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    Toolmaker51's Avatar
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    Yes, serrations direct x-amount of force to reduced area increasing bite. Cross hole is good idea, still blind to the feature of perpendicular slot, maybe to clear an ear-like projection a casting may have?
    Frank replied it makes it a hold-down with milling clamps, makes sense. Wring a project for multiple usage, why not?


    and then if someone asks, respond "...got more tricks than a monkey in a mile of grapevine".
    Last edited by Toolmaker51; 08-06-2016 at 07:03 PM. Reason: little update
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    Frank S's Avatar
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    The slot allows the clamp to be used on a mill table making this a hold down clamp as well
    Never try to tell me it can't be done
    When I have to paint I use http://kbs.justoldtrucks.com/

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    Content Editor DIYer's Avatar
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    Thanks Toolmaker51! We've added your Mill Vise Clamping Aid to our Workholding category,
    as well as to your builder page: Toolmaker51's Homemade Tools. Your receipt:




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    TM51 and FrankS. It's crazy how just as I'm contemplating how in the hell I'm going to hold a tapered arm like what is in the original drawing by TM51, here's the solution. I never would have thought of this, thanks guys.

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    Quote Originally Posted by C-Bag View Post
    TM51 and FrankS. It's crazy how just as I'm contemplating how in the hell I'm going to hold a tapered arm like what is in the original drawing by TM51, here's the solution. I never would have thought of this, thanks guys.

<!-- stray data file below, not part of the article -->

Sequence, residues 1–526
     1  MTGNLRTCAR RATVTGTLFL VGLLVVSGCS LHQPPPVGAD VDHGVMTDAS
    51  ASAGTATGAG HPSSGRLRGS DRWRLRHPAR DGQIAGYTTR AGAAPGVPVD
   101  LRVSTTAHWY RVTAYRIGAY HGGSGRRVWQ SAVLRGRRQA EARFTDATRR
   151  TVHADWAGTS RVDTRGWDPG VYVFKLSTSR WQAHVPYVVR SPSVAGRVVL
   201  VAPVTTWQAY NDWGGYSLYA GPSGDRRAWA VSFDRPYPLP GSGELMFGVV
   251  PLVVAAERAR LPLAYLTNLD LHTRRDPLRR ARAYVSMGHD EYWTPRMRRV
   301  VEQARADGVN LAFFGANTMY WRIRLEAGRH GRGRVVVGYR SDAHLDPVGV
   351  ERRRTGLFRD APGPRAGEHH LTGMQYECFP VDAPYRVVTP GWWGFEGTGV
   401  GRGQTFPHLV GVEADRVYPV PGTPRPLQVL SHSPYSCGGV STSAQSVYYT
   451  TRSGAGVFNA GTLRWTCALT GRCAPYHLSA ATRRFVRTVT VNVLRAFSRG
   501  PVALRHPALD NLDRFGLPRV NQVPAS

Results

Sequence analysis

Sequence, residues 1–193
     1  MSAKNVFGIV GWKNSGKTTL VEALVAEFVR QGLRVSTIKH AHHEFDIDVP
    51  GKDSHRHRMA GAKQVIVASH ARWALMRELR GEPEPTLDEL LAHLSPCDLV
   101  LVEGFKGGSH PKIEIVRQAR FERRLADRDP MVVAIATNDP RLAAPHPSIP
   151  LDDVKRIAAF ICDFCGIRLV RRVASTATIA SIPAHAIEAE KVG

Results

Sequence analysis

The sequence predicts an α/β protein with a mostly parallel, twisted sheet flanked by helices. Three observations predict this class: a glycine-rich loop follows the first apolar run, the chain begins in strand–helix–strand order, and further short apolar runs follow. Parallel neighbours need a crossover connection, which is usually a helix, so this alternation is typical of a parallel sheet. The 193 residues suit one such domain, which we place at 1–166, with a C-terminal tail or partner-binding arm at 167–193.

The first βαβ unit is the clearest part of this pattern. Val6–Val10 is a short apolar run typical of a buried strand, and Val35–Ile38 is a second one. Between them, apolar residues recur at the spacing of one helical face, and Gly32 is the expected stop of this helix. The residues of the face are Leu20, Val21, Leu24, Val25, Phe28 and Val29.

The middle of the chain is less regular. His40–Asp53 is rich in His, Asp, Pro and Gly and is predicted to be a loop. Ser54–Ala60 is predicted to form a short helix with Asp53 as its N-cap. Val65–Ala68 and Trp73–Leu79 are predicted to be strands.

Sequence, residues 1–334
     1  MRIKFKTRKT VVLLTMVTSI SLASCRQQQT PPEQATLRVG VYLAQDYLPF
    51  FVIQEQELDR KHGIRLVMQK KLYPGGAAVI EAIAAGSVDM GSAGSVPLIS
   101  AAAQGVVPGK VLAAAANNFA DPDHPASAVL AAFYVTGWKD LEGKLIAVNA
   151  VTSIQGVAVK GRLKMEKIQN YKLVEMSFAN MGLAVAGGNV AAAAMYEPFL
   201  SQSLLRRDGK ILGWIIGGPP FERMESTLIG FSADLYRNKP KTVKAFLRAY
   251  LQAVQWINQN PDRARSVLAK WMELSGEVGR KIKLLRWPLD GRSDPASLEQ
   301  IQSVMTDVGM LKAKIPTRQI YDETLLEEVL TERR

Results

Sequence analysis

I'd add knowing you have a bandsaw, heavy wall pipe works too. Might need to weld a brace to control spreading, but the chord ends make good teeth.

    Son of a gun; you can't imagine how pleased this makes me C-Bag! Every time I hear a mandolin...even a banjo.........I write cause Thanks link only works once.
    YOU ARE x10
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    Frank S's Avatar
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    Another simple tip to clamping conical shaped parts in a vice, be it a band saw a drill press or a mill, these puppies are a real bear to hold. My solution is I find a humble thick washer with the same outside diameter as the largest diameter of the part in question, then bore the center to fit over the part so as to have 2 supports then I could drill mill or saw where needed.
    If the part was short I sometimes add a stop block behind the part to prevent it slipping backwards.


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    Last edited by Frank S; 08-07-2016 at 05:14 PM.
    Never try to tell me it can't be done